This can create index management issues as your historical dataset grows and must be archived yet still remain available for occasional querying.
Schema free – not really:
While Hadoop and NoSQL technologies make it easy to upload data in any key-value formats, this is not the case with ElasticSearch. Yes, you can add any data to it, but ES does recommend that data is transformed into generic key-value pairs before being uploaded.
Without this, Lucene will create an index for each custom key-value pair, causing the size of your ElasticSearch instance to explode as time goes by. This conversion is a huge resource hog when working through millions of records of analytics data.
Bulk uploads – not so easy either:
Handling bulk uploads is another pain point with ElasticSearch. ES has a default buffer limit, and every time this limit is breached, a silent OOM is generated by it. The data indexed before the OOM is still available for querying – so it can take time to understand where the failure happened.
Analytics – surely it is good at that!
While ES’s aggregation and full-text search are great for basic web analytics queries, including demographics, it doesn’t give the power that comes with window functions support in SQL. ES doesn’t allow outputting the result of a query into intermediate datasets for additional analysis, nor does it allow transformation of data sets in any way.
What it is great at is doing what a search tool does – aggregation of data into smaller sets based on various filters. But then so does Google Analytics. The whole reason why you’d want to use Hadoop or ElasticSearch is so you can add complex analytics!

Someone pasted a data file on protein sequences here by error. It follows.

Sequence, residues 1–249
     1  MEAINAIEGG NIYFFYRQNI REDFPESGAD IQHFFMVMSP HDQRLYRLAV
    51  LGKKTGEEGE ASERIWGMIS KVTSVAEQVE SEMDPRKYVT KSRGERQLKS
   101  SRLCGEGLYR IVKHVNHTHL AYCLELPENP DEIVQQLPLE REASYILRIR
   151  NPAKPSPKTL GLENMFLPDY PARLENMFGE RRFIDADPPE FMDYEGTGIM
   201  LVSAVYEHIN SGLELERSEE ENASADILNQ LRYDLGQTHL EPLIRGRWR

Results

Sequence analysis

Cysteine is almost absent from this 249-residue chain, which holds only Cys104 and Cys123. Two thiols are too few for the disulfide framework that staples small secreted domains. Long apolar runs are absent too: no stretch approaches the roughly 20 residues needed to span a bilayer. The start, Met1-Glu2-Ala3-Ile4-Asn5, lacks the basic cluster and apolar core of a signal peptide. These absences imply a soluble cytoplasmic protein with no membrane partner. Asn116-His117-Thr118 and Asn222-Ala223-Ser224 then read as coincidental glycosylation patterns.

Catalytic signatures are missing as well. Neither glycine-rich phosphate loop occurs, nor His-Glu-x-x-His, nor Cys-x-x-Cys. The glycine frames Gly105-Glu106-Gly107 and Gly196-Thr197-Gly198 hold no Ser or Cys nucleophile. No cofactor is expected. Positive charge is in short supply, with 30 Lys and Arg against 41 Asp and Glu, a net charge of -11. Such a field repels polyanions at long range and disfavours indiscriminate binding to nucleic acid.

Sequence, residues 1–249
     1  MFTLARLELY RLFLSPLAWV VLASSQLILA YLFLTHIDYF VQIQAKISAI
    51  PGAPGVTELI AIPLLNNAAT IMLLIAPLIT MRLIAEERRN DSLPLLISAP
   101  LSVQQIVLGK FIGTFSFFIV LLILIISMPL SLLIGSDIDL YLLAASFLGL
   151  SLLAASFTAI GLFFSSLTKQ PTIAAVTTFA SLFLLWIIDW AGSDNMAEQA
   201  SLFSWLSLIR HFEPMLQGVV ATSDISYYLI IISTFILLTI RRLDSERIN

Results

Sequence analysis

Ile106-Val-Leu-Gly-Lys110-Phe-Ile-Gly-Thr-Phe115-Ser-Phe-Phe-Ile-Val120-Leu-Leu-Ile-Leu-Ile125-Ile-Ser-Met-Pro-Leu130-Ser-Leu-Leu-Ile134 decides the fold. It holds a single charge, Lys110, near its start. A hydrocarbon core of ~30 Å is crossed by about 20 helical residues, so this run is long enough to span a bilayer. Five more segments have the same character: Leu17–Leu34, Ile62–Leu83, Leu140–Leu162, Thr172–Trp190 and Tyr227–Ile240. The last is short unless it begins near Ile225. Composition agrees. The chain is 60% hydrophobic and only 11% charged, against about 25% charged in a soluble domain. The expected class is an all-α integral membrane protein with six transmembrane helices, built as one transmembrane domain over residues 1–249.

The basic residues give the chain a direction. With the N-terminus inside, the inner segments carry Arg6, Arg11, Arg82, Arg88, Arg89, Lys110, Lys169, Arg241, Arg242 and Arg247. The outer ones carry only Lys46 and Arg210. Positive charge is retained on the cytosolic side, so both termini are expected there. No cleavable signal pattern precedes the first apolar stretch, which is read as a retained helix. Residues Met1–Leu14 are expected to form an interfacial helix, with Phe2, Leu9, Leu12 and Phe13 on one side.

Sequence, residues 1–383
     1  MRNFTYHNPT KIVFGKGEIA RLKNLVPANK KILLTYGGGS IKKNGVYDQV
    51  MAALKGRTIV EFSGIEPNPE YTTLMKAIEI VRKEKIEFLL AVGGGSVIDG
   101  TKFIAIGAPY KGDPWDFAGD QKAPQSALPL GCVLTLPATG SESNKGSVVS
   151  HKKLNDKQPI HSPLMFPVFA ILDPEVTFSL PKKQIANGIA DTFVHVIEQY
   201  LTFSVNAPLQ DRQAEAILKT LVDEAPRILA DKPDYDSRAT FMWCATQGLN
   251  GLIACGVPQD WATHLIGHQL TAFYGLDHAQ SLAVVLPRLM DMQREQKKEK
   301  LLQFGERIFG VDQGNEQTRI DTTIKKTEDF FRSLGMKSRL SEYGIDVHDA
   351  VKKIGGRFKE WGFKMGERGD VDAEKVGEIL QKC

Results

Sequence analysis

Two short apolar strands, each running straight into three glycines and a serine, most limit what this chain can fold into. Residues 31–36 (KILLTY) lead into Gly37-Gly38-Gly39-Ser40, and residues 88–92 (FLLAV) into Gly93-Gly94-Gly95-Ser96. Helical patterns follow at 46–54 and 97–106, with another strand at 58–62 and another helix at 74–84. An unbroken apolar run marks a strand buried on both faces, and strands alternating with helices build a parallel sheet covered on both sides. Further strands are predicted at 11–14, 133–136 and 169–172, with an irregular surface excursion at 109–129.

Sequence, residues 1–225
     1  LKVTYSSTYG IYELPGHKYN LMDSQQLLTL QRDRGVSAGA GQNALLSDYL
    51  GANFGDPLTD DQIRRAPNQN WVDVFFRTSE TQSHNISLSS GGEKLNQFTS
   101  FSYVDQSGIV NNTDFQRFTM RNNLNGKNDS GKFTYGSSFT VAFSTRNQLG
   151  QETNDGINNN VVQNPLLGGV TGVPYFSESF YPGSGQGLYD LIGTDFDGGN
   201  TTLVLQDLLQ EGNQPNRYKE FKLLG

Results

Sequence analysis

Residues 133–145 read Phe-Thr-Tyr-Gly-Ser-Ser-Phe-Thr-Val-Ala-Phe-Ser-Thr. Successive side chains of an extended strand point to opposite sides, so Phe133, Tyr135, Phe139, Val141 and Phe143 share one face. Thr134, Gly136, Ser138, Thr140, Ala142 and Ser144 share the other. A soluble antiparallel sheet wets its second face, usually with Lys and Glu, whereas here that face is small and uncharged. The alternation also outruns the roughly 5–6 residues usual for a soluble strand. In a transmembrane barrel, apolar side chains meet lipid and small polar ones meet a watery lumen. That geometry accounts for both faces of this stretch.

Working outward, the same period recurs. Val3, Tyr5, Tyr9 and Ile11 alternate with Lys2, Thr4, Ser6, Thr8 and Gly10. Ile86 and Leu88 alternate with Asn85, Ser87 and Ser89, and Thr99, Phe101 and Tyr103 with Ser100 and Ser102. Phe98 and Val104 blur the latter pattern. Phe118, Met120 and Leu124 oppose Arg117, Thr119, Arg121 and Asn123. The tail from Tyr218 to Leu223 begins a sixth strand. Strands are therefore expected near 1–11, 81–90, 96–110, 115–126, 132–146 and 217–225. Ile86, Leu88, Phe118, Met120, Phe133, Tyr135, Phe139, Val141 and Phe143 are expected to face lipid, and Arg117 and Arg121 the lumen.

And does Hadoop do all that?
There is a reason Hadoop is the go-to tool for distributed data processing. HDFS makes the system highly fault-tolerant and prevents data loss. It also has a lot of supporting tools for bulk upload and data ingestion and SQL engines for querying data.
The Hadoop MapReduce query framework can handle any data aggregation and transformation jobs easily.
While Hadoop wins hands-down in these regards, setting up Hadoop with any of its additional tools requires much domain-specific knowledge and heavy setup and maintenance costs compared to ElasticSearch. Also mastering MapReduce is difficult. So most companies prefer to setup a query engine layer which helps you interact with the data using familiar SQL queries. These engines add an additional layer of complexity to the system.
ElasticSearch vs Hadoop MapReduce – Who Wins?
In the end, the tool that you use depends on your use case and the kind of data you are working with. While ElasticSearch is great for simpler web analytics, the possible streaming data loss and scaling issues make it unsuitable for complex analytics systems. Implementing a Hadoop instance for your analytics system has a steep learning curve, but it is well worth the effort – with increased stability, solid ingestion and a wide range of supporting third-party tools.